Author Topic: Cheese Rinds - Propagating Culture From  (Read 2301 times)

Offline tedstertm

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Cheese Rinds - Propagating Culture From
« on: July 13, 2009, 01:23:56 PM »
I read multiple arguments for and against this and want to hear some feedback about it, mostly from the people who have succeeded at it.

How fresh does the cheese have to be?
What's the best method for extraction?
How often can you be successful at this?
Is it too much effort should I just go for the packaged culture?

Offline Wayne Harris

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Re: Cheese Rinds - Propagating Culture From
« Reply #1 on: July 13, 2009, 02:33:26 PM »
I've often thought about this. 

The only reason I have ever wanted to try this, is because I did not know what types of starter cultures where being used by my favorite goudas. (I would love to  be able to make a Rembrandt or Beemster type gouda)

Here is the issue as I see it. Acidification of the cheesemilk during initial ripening is a critical critical step in cheesemaking.  The problem, as I see it, is that if you try and use a starter culture based on an existing cheese, the relative strength or capabilities of that starter culture will be wildly unpredictable. You may never develope the required acid levels or it may take too long to achieve the required pH drop. And if you are trying to coordinate the pH drop with a cooking schedule, you may end up over-cooking the curds as you wait for the required pH drop.

For me, my efforts and time are better spent with predictable DVI cultures that are pristine in nature.  I can tweak my recipes to include different cultures, or combinations of cultures in order to achieve the taste, texture and aroma i am looking for.

But hey,  These are just my thoughts. I have never actually tried to do this.  I have only managed to talk myself out of it.

Wayne A. Harris - in vino veritas

Offline linuxboy

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Re: Cheese Rinds - Propagating Culture From
« Reply #2 on: July 13, 2009, 05:13:32 PM »
How fresh does the cheese have to be?

Depends on the amount of initial bacteria, affinage temp, strength of proteolytic enzymes, etc. In general, you can culture species from a rind effectively for years, and easily for up to 6 months. But it varies. If you have a culture sample and do an agar smear, even 2-3 bacteria can quickly grow to a very sizeable colony.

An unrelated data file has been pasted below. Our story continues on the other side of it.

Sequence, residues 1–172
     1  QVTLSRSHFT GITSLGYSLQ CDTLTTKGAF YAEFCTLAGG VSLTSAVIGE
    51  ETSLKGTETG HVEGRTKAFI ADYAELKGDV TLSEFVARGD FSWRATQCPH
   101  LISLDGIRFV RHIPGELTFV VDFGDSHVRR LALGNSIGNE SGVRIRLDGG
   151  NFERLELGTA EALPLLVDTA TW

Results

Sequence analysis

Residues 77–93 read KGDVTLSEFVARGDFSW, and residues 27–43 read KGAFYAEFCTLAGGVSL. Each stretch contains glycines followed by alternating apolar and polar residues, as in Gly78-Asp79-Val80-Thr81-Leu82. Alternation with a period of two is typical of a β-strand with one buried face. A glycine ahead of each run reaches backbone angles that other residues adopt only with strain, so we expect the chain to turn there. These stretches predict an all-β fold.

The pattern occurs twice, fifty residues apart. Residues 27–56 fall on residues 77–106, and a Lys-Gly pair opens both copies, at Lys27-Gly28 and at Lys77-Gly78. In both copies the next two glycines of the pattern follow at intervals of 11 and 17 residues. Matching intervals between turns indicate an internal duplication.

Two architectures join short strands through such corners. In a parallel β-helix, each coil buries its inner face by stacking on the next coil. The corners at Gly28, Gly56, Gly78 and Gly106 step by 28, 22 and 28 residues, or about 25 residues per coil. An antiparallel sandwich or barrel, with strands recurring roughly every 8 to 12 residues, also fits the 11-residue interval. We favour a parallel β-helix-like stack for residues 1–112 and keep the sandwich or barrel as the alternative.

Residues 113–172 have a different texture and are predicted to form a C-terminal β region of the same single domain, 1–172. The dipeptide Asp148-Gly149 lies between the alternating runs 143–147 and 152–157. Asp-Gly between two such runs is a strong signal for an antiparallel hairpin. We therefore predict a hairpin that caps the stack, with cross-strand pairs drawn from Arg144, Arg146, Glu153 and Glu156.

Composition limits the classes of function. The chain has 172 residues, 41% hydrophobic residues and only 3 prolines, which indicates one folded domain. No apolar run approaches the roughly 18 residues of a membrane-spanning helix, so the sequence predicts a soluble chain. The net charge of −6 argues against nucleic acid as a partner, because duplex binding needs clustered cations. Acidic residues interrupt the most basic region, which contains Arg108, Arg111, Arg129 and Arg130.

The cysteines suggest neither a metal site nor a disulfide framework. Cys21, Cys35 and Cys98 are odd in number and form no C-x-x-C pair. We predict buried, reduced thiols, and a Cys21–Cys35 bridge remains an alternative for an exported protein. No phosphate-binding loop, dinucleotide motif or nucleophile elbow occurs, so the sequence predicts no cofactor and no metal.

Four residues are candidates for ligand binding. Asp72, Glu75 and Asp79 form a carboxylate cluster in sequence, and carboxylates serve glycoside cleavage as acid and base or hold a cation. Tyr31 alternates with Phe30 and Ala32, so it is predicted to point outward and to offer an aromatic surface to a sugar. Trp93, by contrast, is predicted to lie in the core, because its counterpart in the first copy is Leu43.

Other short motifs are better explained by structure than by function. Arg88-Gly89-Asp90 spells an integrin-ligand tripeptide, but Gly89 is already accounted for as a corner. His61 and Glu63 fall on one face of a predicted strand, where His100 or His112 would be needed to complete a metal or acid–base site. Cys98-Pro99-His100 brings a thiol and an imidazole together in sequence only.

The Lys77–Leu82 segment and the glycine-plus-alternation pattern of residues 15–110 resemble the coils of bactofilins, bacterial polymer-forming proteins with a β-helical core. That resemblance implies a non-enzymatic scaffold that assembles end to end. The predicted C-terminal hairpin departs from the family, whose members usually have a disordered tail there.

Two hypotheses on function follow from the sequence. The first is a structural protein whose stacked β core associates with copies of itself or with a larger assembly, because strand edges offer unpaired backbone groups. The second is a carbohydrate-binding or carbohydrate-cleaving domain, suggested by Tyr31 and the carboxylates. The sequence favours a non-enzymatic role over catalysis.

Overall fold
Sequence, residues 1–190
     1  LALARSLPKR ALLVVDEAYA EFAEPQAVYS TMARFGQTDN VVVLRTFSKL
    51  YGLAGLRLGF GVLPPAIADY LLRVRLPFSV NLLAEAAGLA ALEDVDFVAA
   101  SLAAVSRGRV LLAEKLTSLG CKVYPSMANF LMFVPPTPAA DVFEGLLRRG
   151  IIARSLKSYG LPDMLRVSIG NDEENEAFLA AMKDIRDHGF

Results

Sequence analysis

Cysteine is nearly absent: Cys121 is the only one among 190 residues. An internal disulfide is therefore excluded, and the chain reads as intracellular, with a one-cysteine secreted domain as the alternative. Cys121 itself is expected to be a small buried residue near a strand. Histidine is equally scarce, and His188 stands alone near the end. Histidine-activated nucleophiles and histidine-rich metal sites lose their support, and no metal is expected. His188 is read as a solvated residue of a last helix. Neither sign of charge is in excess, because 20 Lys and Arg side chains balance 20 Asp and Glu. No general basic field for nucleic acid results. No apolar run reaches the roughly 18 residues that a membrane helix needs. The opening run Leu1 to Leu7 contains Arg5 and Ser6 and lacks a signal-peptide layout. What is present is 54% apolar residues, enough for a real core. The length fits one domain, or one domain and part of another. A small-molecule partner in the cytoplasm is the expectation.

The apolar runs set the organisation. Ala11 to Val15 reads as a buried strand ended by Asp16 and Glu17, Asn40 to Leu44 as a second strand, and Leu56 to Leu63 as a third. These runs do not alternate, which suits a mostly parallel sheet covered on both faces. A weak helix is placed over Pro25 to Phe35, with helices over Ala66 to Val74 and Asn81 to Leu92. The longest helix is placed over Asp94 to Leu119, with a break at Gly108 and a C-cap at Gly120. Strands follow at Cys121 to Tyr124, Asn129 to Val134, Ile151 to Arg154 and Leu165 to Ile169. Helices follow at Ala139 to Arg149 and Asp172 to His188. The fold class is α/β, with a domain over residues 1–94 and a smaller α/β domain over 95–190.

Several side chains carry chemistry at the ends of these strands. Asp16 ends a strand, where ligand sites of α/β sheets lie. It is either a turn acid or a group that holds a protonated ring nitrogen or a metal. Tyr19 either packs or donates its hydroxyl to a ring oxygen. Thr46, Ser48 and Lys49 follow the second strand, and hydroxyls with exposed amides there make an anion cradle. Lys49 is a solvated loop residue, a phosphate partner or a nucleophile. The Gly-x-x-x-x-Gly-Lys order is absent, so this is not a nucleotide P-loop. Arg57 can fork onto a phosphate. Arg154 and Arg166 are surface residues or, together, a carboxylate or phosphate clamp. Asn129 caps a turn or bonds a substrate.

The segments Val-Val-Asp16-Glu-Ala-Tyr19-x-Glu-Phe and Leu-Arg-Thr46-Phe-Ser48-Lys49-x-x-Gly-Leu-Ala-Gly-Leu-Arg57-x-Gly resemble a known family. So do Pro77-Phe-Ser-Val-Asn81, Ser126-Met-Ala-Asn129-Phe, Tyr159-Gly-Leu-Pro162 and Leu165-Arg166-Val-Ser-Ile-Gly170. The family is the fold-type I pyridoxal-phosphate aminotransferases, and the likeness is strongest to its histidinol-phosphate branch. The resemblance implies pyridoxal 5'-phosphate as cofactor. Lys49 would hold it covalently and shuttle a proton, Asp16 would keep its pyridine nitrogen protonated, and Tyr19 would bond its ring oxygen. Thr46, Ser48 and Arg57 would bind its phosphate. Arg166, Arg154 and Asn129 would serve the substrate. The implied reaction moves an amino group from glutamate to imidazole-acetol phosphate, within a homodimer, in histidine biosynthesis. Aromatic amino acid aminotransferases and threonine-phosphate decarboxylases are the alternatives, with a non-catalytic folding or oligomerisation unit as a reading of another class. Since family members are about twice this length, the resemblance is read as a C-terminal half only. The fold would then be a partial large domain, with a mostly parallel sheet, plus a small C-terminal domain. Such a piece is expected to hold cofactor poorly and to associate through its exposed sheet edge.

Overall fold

What's the best method for extraction?

Commercially, you try to isolate the purest culture you can on an agar smear, repeating until the colony is sizeable, then you multiply the colony in liquid nutritional agar, centrifuge, and store the sample. Storage depends on species. Often, freezing with glycerin is used so the frozen water crystals do less damage to cell walls.

At home, if you want rind flora on a cheese, you can try the method Francois posted, which is to take a piece of rind, start with a tomme recipe, and then introduce the rind flora to the cheese.

How often can you be successful at this?

Hard to say. Microbiology isn't easy. Isolating pure culture isn't easy, either. You can have contamination, competing species, bacteriophages, penicillin molds that kill bacteria you want, etc. In general, if you have a good lab, and a lot of technical experience, you can isolate the cultures you want, both from cheese and rind.

Is it too much effort should I just go for the packaged culture?

That's something you need to figure out. Some cheese factories keep a lab on premise and culture their own starters, making sure to follow proper species rotation, bacteriophage control, etc. It's expensive... a bit cheaper if you want just the rind flora because it finds its own equilibrium. If you wanted to produce lactic acid strains, that's more difficult because you can't just culture multiple strains all at once. Each strain has specific growth characteristics. For example, for meso bacteria, some multiply more rapidly at 80 degrees, and others at 90. If you want a specific blend, you have to culture separately and blend to get the profile you want.

If you want to replicate rind and don't have a lab I would suggest:

1) take a piece of existing rind that has not dried out and exhibits active growth (15-45 days old)
2) Puree rind with some milk and add a little nutritional yeast.
3) Let that sit in a warm (90 degree) place for 2-6 hours. Strain out solids.
4) Take the culture and freeze in small ice cubes. If you make cheese often, can also store in the fridge and reculture the mother solution.

Then when you make your cheeses, take out a cube, dissolve in some water, and spray your cheeses with the solution.

If you have a lab, there are better ways of going about it using agar and centrifuging. Oh and the simplest way is to take a piece of rind that has blooming molds/bacteria and put it in contract with the new cheese. This works well for candidum strains.
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